Wednesday, July 24, 2013

BOOK REVIEW: Passion by Jude Morgan

There are books on my TBR pile that I have turned into projects, projects so daunting that the books themselves become impossible to read. Ridiculously, one of these books was Passion by Jude Morgan. It sounded wonderful. Passion follows the lives of the women involved with the Romantic poets Byron, Shelley and Keats. The poets, of course, are prominently featured as well. The book got rave reviews. I had to read it. I bought the book--years ago.

The love lives of the Romantic poets told from the women’s point of view seemed like such a tremendous idea for a novel, but after I bought the book and reflected, I didn’t think I was ready for it. I know nothing about these poets or Romanticism. Poetry isn’t really my thing. Would I be able to fully appreciate the novel? Before reading it, shouldn’t I take some sort of crash course? Read some poetry? History? Some literary criticism? Something?

Of course, I didn’t. Instead, the book sat on my shelf waiting for me to have time to do it justice. Because I kept hearing such great things about Jude Morgan’s writing, I bought The Taste of Sorrow about the Bronte sisters, but haven’t read that yet either, and finally, exasperated with myself, I borrowed A Little Folly from the library to give myself a deadline. (It was delightful. Review here.) In the meantime, I put Passion on my TBR pile challenge list. No more stalling. After all, I read historical fiction as introduction to history–to learn something or pretend I’m learning something when what I’m really doing is reading for pleasure.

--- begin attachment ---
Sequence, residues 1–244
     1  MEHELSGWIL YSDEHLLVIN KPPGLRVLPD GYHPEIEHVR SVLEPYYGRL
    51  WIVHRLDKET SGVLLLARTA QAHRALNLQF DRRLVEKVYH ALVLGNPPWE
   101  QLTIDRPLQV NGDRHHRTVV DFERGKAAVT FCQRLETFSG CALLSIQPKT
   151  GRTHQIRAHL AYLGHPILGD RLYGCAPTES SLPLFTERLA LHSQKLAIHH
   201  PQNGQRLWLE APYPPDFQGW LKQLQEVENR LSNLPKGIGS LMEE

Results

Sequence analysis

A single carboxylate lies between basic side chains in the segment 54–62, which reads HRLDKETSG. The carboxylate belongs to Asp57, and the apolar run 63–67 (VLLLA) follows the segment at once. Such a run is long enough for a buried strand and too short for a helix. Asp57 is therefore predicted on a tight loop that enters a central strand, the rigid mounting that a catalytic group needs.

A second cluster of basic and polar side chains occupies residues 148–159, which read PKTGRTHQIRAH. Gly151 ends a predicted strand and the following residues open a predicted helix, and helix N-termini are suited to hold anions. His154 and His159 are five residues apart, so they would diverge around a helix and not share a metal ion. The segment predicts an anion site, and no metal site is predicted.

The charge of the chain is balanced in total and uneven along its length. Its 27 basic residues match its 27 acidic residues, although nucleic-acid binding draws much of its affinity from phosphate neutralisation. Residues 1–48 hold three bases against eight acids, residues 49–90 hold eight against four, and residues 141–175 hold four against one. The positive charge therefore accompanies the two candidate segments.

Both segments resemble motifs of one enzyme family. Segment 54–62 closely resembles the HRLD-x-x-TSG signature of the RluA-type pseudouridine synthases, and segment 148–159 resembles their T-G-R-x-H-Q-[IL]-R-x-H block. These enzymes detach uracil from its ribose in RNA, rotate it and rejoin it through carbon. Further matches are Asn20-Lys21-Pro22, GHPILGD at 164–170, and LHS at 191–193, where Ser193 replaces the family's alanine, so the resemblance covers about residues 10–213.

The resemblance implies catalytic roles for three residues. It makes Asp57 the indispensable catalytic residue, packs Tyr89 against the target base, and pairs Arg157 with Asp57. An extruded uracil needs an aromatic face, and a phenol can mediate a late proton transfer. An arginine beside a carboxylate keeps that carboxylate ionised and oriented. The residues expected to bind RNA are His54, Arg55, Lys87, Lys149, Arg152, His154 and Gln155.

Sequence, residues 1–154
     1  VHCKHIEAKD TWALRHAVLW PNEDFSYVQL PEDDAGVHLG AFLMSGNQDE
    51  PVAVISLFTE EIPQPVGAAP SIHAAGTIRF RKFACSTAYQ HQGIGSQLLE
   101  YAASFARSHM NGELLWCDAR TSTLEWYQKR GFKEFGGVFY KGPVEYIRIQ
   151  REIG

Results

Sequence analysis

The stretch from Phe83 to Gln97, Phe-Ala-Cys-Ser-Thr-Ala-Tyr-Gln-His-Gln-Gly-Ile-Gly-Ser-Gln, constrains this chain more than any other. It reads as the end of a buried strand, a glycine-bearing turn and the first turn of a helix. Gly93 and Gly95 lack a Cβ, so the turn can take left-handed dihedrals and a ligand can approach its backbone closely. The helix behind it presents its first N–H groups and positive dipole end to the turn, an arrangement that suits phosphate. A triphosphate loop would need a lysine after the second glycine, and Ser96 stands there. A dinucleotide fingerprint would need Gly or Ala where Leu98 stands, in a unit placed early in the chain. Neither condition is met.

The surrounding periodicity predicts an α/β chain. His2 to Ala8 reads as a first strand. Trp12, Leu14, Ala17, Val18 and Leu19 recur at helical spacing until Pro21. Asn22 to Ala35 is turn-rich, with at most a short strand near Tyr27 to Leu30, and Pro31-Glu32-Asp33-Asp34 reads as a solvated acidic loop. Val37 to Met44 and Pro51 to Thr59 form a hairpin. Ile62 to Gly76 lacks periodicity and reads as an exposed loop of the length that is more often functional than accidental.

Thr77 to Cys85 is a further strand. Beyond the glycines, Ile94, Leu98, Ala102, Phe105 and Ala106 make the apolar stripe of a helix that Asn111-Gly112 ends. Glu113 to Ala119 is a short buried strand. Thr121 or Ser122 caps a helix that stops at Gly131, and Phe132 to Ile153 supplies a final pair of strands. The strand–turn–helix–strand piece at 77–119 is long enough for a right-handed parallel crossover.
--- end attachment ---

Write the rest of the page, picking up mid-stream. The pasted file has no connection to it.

And what an absorbing pleasure this book is.

Jude Morgan could have written a captivating historical novel about any one of the love stories–there is abundant material here. The setting, England during the French Revolution and Napoleonic Wars, is a fascinating backdrop, although the history intrudes very little on the private lives of these particular citizens, concerned as they are in theory with the state of the world. But by choosing to intertwine all their stories: Mary Shelley, Claire Clairmont, Caroline Lamb, Augusta Leigh, Fannie Brawne and Annabelle Byron (even Mary Wollstonecraft makes a cameo appearance), the book becomes more than biographical fiction. It really is a story about passion. The various complicated personal histories are larger than life, but the author’s skill in getting inside their heads, using a variety of styles and narrative voices, makes them all very real. All the accolades that Morgan receives for his writing are well deserved. It’s quite amazing that he can make so many literary geniuses sound distinct and convincing.

I’ve completed 7/12 books for my TBR pile challenge hosted by Roof Beam Reader and 22/25 for the Historical Fiction Challenge hosted by Historical Tapestry.


  1. Glad you enjoyed this one. I loved Taste of Sorrow so I'm keen to read more by Morgan, I'll pick up Passion next.

  2. I have this on my own/not-yet-read list and I really should get going on it. I've adored every Morgan book I've read but still haven't been able to motivate myself to pick this one up (hey, it's kind of long.) You're an inspiration!